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Engaging Spaces And Developing Contemporary African Architecture

Diébédo Francis Kéré is a pioneering German-based architect, whose work seeks to bring together the best of African and European architectural methods. Born and raised in Burkina Faso, upon completing school the architect was awarded a scholarship to Germany where he initially studied as a supervisor in the context of development aid. After a period of apprenticeship Diébédo Francis then went on to study architecture at the Technische Universität Berlin, before founding his practice, Kéré Architecture. Having also founded a not-for-profit organisation, Schulbausteine für Gando, loosely translated as ‘Bricks for Gando’, upon graduation Diébédo Francis returned home to Gando, the village he was born in, to share what he had learnt with his local community. Through Schulbausteine für Gando, Diébédo Francis has been able to raise the funds needed to help invest in developing Gando.

A pioneer in the development of contemporary African architecture Diébédo Francis’s award winning designs include the creation of a local primary school in his hometown of Gando, 2001, which has continued to develop as a school extension; library, teacher’s housing, and secondary school have been added. Some of Kéré Architecture’s most notable projects include: the renovation of several buildings for the National Park of Mali, in the capital city of Bamako; a Women’s Association Centre in Gando, Burkina Faso; a permanent exhibition at The International Red Cross and Red Crescent Museum (MICR) in Geneva, Switzerland; and the Opera Village in Laongo, Burkina Faso, which is currently under construction and when completed will be a centre for arts, music and theatre.
[Image credits: School Extension, Gando Burkina Faso – Kéré Architecture
Diébédo Francis is known for promoting and exploring sustainable design, and is a proponent in developing contemporary African architecture. He makes use of local materials and building techniques, and investing in the knowledge that comes with working with local labour. Diébédo Francis’s expertise in this area has seen his Practice design buildings all over the world. Diébédo Francis is also sought after to lecture. October 2012 saw the architect take up a professorship at Harvard.

Kéré Architecture is currently taking part in Sensing Spaces – Architecture Reimagined, an exhibition at the Royal Academy of Arts in London, which sees seven architectural practices from six countries and four continents brought together to give visitors their take on a new perspective of architecture. Hosted in the Main Galleries at the Royal Academy, a series of large installations have been designed to challenge the way we interact with architecture. Kéré Architecture’s contribution is a tunnel-like structure that connects two rooms. The structure is made up of 34 overlapping arches, each featuring 32 panels which are connected to form a honeycomb-like structure, the overall effect resembling what has been described as a ‘scaly armadillo’. Bringing the structure to life is a technicolour display of straws sticking out of the honeycomb panels. These have been inserted by visitors to the exhibition, who are invited to take the multi-coloured straws provided at the structure’s entrance. The straws can be inserted either from inside the structure or from the outside. The design allows visitors to engage with the space and have a say in how the space evolves, and as the days pass the effect of the distribution of the straws is in a constant state of flux, highlighting a greater concentration in the more accessible areas.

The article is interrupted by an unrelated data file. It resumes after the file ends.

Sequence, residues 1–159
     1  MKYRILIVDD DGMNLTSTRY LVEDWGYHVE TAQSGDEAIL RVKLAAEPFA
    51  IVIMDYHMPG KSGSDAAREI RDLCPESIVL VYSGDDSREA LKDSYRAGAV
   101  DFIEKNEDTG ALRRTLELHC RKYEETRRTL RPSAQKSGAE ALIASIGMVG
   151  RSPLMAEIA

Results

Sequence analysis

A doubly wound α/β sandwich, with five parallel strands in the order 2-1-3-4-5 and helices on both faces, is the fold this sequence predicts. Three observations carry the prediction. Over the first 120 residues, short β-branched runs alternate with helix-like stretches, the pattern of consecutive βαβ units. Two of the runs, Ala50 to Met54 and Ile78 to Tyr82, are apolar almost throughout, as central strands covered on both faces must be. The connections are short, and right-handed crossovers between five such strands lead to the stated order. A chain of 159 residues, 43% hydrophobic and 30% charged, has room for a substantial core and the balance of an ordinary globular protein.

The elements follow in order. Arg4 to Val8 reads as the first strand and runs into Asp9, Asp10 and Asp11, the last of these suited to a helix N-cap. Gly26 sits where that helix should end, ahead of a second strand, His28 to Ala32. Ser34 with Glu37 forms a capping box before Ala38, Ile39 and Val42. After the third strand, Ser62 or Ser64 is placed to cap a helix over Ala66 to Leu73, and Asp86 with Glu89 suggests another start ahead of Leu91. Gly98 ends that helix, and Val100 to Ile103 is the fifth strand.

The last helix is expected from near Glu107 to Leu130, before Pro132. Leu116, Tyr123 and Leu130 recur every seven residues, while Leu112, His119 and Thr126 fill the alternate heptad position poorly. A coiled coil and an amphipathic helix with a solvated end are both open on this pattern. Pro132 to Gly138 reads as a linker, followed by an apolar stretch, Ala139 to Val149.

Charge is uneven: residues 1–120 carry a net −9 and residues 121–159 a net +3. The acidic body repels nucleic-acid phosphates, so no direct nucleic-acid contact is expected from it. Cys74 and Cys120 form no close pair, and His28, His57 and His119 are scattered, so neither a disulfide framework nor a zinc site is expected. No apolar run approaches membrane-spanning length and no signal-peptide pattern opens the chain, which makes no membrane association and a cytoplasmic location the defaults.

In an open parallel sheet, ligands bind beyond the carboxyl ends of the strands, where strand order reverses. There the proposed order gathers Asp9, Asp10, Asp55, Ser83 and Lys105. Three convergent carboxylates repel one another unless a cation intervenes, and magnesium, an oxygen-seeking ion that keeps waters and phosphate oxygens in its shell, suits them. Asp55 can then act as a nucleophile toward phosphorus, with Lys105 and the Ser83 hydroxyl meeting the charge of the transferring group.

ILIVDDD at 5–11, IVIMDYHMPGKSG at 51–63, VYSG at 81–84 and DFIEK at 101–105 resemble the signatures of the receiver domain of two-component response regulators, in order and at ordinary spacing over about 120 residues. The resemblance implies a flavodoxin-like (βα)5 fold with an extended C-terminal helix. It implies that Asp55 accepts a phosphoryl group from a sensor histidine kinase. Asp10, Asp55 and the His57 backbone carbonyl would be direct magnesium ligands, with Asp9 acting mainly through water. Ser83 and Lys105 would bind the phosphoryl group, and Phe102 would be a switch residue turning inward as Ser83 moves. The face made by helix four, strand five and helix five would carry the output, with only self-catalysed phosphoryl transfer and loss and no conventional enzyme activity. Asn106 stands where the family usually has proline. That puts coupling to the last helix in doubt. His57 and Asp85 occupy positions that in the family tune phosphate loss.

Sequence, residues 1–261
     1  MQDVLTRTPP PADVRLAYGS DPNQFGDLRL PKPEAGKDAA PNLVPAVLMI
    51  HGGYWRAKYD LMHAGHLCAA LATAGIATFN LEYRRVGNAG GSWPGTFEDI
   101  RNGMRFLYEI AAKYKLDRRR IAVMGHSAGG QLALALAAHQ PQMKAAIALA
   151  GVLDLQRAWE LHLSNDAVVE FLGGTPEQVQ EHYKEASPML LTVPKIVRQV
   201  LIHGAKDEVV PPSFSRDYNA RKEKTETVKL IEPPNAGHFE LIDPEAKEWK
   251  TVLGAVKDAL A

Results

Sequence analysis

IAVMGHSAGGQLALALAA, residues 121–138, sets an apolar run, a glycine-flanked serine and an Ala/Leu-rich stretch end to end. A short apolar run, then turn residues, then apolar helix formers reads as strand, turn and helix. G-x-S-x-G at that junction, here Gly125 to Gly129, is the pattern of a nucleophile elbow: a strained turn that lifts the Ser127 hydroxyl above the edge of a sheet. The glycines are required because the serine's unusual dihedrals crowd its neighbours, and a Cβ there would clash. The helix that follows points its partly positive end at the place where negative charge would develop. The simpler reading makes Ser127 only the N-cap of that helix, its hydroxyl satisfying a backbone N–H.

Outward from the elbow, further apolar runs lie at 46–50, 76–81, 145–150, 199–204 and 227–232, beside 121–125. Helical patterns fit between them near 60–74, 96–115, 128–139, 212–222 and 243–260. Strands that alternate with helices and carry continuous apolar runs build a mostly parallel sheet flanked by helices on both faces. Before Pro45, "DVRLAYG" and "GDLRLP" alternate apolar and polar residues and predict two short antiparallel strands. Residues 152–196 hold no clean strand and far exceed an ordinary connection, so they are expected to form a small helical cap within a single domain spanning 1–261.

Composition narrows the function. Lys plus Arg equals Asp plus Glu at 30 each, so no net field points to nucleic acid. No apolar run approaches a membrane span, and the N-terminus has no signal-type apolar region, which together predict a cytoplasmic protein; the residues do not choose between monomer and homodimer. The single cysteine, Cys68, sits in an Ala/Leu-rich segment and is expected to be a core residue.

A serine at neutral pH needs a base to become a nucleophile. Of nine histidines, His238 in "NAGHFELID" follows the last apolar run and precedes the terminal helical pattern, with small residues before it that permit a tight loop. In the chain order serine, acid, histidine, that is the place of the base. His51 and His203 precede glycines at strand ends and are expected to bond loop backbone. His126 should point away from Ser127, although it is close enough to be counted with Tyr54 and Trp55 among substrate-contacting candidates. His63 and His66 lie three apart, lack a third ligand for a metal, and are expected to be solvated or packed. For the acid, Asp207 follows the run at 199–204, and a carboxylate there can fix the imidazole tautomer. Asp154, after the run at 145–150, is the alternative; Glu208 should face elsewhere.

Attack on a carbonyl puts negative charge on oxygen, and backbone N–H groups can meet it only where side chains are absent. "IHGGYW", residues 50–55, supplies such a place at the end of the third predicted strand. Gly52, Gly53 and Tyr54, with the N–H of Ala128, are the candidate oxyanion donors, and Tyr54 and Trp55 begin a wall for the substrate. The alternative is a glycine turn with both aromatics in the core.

The exhibition opened on the 25th January and runs until the 6th April 2014.

Additional information:
Running until the 6th April 2014 the entry fee for the Sensing Spacing Exhibition is: £14
For further details about Kéré Architecture visit: www.kerearchitecture.com
For further information about visit Schulbausteine für Gando: www.fuergando.de
For further information about Sensing Spaces – Architecture Reimagined visit: www.royalacademy.org.uk

[Image credits: The images shown belong to: Kéré Architecture. If downloaded and used elsewhere must be credited accordingly]

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